This is an incredible story, especially if it’s true. The fact that it includes dates, names, and the bomber’s target lend some credence–and I know of a handful of similar stories from World War II, so I choose to accept this one.
There’s no question that the aircrews of World War II were made up of courageous men on both sides. Anyone who can maintain his place in a huge formation while shells burst all around, with nowhere to go and nowhere to hide, has to have considerable courage. And anyone who can keep his nerve while closing to within gun range of his target–at which point he is also within range of its guns–must have the same. Air combat in World War II took place at ranges that would seem like knife-fights compared to what pilots experience today.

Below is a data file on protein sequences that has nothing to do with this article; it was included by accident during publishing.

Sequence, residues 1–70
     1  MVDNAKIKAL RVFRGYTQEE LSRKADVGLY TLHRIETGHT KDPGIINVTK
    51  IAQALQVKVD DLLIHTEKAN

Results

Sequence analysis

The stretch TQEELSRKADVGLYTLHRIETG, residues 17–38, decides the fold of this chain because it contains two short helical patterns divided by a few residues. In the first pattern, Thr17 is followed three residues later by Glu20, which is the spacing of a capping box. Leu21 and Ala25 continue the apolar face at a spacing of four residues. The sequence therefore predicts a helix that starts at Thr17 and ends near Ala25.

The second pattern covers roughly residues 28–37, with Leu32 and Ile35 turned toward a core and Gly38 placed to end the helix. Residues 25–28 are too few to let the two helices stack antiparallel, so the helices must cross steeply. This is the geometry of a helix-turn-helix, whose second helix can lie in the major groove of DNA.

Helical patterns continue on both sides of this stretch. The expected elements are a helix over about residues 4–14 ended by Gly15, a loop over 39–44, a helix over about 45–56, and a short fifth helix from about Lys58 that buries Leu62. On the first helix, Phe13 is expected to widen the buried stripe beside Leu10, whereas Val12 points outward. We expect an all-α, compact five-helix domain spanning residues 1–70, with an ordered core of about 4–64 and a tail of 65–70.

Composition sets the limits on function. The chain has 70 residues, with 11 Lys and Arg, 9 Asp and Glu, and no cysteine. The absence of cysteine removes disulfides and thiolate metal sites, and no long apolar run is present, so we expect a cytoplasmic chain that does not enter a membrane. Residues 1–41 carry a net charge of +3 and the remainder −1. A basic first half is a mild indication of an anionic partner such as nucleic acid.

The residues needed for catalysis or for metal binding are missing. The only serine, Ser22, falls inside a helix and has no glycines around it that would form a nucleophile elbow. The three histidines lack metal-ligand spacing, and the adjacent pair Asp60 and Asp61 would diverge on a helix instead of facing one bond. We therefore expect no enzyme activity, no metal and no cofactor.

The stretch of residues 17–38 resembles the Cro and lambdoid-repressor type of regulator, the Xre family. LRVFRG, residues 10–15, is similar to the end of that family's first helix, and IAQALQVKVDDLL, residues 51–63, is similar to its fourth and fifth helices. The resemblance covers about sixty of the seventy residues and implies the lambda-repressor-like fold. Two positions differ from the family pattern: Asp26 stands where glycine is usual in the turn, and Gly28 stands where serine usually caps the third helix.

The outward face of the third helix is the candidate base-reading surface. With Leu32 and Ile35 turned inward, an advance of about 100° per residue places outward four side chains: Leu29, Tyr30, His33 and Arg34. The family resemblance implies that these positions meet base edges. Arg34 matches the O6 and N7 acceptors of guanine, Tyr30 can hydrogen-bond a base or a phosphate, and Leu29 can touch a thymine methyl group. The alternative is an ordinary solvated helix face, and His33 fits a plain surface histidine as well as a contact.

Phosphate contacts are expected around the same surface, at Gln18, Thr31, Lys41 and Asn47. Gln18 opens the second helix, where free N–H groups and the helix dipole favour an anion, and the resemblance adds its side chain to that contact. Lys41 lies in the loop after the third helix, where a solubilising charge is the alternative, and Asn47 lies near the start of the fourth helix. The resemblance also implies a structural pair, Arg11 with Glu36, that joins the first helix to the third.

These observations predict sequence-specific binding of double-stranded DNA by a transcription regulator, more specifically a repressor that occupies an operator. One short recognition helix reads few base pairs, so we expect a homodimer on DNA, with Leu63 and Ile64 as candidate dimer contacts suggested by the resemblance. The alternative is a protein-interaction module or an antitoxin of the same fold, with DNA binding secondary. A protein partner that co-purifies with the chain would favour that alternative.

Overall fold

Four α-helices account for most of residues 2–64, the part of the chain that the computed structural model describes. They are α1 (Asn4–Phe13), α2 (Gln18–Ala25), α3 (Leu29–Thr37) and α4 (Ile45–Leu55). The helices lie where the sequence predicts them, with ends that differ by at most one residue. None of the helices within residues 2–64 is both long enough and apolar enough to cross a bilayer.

It would have been so easy for Lt. Stigler to have fired on Ye Olde Pub; a couple of quick bursts from his machine guns, and he would have had three kills for the day instead of two. Instead, he saved his enemies’ lives.
And in doing so, he probably committed treason. A different commander, or different witnesses, might have seen fit to take action against him. He might have spent the rest of his short life in prison, if he were not executed outright. Quite a risk to take for an enemy he would never see again, and who, if he did, would probably be attacking his country again.
War, I’ve often said, brings out the best and worst in people. On this day, for Franz Stigler, it brought out the best.